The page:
A Gaussian process (GP) is an indexed collection of random variables, any finite collection of which are jointly Gaussian. While this definition applies to finite index sets, it is typically implicit that the index set is infinite; in applications, it is often some finite dimensional real or complex vector space. In such cases, the GP may be thought of as a distribution over (real- or complex-valued) functions defined over the index set.

tfd_gaussian_process(
kernel,
index_points,
mean_fn = NULL,
observation_noise_variance = 0,
jitter = 1e-06,
validate_args = FALSE,
allow_nan_stats = FALSE,
name = "GaussianProcess"
)

Arguments

kernel PositiveSemidefiniteKernel-like instance representing the GP's covariance function. float Tensor representing finite (batch of) vector(s) of points in the index set over which the GP is defined. Shape has the form [b1, ..., bB, e1, f1, ..., fF] where F is the number of feature dimensions and must equal kernel$feature_ndims and e1 is the number (size) of index points in each batch (we denote it e1 to distinguish it from the numer of inducing index points, denoted e2 below). Ultimately the GaussianProcess distribution corresponds to an e1-dimensional multivariate normal. The batch shape must be broadcastable with kernel$batch_shape, the batch shape of inducing_index_points, and any batch dims yielded by mean_fn. function that acts on index points to produce a (batch of) vector(s) of mean values at those index points. Takes a Tensor of shape [b1, ..., bB, f1, ..., fF] and returns a Tensor whose shape is (broadcastable with) [b1, ..., bB]. Default value: NULL implies constant zero function. float Tensor representing the variance of the noise in the Normal likelihood distribution of the model. May be batched, in which case the batch shape must be broadcastable with the shapes of all other batched parameters (kernel\$batch_shape, index_points, etc.). Default value: 0. float scalar Tensor added to the diagonal of the covariance matrix to ensure positive definiteness of the covariance matrix. Default value: 1e-6. Logical, default FALSE. When TRUE distribution parameters are checked for validity despite possibly degrading runtime performance. When FALSE invalid inputs may silently render incorrect outputs. Default value: FALSE. Logical, default TRUE. When TRUE, statistics (e.g., mean, mode, variance) use the value NaN to indicate the result is undefined. When FALSE, an exception is raised if one or more of the statistic's batch members are undefined. name prefixed to Ops created by this class.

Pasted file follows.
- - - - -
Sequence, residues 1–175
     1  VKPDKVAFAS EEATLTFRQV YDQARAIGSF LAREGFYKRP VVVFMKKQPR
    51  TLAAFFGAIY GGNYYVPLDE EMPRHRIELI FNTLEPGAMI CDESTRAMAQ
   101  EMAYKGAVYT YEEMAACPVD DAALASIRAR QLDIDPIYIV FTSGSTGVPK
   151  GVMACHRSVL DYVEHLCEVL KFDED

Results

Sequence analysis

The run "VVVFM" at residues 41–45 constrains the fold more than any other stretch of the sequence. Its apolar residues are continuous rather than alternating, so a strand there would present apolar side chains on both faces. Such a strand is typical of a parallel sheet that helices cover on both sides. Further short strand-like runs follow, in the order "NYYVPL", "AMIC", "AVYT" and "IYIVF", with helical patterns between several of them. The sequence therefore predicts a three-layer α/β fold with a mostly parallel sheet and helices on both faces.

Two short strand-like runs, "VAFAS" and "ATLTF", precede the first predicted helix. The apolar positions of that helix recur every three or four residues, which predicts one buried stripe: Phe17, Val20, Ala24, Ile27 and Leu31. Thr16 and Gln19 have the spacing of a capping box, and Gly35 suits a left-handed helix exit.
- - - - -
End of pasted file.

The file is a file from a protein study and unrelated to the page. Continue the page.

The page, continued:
Value

a distribution instance.

Details